The time for a new age of Enlightenment, a renaissance in thinking, has never been
more required than it is now. I would not underestimate the receptivity that new thinking
could bring about and the change that could result.

But keeping our heads in the clouds for these philosophical musings is not enough. We
also need action in our institutions, we have to shape and reshape and uplift our
existing institutions, so that they can explicitly recognize the public good component of
the economy. They can chop the tails off the ends of the distributional curves. They can
recognize natural capital as something to treasure, and they can make markets do what
they were always supposed to do. For example on financial sector reform, there are
meetings going on this week which are looking at some of the financial and banking
sector reform and my sense is that it's sort of arranging the deck chairs on the Titanic.
They will no doubt come up with modest and useful things to do; reserve margins on
lending etc. But we’ve got to take much more strident action, that is, much more people-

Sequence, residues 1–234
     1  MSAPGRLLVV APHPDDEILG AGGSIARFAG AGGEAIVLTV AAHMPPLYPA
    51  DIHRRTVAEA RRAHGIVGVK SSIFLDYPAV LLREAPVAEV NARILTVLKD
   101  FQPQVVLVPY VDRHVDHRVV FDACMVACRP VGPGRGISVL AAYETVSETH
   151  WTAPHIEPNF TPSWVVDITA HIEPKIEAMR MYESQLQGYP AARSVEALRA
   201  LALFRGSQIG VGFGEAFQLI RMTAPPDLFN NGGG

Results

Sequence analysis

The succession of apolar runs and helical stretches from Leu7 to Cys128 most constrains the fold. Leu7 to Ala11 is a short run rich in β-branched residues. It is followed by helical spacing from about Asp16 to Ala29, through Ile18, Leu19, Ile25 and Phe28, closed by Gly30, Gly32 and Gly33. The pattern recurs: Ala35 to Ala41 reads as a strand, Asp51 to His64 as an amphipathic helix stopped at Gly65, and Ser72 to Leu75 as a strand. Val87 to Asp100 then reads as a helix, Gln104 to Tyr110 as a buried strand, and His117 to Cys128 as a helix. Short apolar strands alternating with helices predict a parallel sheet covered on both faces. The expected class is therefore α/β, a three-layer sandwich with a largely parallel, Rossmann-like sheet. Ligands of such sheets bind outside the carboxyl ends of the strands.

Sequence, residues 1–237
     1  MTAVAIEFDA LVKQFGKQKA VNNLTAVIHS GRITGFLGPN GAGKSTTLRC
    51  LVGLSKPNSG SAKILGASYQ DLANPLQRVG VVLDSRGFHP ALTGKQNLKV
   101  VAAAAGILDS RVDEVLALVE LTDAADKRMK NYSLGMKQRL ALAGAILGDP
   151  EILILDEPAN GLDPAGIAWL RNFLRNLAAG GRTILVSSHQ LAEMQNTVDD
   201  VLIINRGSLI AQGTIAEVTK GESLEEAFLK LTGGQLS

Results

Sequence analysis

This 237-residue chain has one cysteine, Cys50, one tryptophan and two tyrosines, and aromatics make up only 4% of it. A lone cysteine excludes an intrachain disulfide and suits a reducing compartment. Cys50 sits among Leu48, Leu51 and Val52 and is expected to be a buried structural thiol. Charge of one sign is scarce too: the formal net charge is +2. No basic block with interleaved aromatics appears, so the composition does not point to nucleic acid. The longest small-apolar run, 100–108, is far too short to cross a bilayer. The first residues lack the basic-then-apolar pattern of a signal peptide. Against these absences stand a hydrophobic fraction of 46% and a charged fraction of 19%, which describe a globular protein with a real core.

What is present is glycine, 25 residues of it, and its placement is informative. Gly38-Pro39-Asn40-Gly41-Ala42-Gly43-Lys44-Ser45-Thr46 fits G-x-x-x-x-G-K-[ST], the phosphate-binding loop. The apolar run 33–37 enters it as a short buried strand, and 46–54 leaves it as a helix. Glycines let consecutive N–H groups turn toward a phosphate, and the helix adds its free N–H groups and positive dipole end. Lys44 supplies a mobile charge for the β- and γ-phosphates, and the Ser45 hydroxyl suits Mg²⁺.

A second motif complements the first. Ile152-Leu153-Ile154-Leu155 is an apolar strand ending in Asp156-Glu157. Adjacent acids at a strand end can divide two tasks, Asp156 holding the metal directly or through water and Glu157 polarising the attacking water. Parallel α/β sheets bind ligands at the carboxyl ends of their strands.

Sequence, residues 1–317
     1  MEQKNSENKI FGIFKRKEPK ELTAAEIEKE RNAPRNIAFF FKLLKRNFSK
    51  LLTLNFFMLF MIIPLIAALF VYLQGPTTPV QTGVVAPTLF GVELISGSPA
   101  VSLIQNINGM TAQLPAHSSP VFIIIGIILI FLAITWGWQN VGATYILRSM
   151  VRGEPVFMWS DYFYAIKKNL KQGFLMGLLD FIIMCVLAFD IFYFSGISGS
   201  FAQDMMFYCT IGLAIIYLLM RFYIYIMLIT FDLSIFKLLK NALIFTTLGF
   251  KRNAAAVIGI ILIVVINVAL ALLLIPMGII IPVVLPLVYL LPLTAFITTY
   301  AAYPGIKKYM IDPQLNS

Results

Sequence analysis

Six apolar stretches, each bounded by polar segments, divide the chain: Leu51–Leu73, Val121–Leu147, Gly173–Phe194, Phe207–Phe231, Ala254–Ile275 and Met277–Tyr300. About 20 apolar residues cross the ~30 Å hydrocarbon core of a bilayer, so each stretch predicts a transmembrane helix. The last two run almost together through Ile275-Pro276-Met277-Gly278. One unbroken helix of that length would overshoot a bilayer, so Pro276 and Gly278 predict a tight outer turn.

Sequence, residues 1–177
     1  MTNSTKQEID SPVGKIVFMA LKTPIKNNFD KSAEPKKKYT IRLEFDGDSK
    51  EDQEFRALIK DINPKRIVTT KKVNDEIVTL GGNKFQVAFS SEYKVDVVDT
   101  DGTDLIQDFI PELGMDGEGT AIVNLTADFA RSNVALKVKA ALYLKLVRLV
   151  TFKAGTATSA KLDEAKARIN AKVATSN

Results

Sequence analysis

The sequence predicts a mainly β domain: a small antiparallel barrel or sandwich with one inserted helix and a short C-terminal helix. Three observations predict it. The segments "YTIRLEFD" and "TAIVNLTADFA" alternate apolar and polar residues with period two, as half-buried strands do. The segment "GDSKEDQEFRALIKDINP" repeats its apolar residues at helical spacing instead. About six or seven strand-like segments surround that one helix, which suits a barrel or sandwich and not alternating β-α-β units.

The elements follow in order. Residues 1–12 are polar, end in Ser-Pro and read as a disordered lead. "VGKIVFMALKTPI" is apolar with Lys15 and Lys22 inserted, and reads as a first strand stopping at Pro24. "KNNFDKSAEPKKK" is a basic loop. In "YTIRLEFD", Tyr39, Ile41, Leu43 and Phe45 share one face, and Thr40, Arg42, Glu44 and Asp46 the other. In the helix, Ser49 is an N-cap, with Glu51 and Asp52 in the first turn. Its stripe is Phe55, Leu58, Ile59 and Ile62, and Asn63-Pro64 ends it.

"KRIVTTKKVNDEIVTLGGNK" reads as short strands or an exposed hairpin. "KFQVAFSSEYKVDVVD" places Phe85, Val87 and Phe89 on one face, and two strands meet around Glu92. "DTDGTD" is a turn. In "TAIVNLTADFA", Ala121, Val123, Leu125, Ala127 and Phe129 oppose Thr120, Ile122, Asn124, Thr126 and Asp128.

centred action. Hazel Henderson has suggested that the global casino of banking
should never be more than 10 to 15% of GDP. She claims that it is over 40% in some
countries.
We need to close down offshore banking. That could have been done very simply, very
easily. But it was the threat of the bankers in London and in New York who said "if you
don't give in to us, we will go elsewhere". Why Obama and Cameron didn't say fine, and
we will track you down; because if you go to offshore banking we will find you. But they
didn't and they have allowed offshore banking to continue much as much as ever. As
someone who has visited Lichtenstein recently and seen what is happening; it is
business as usual.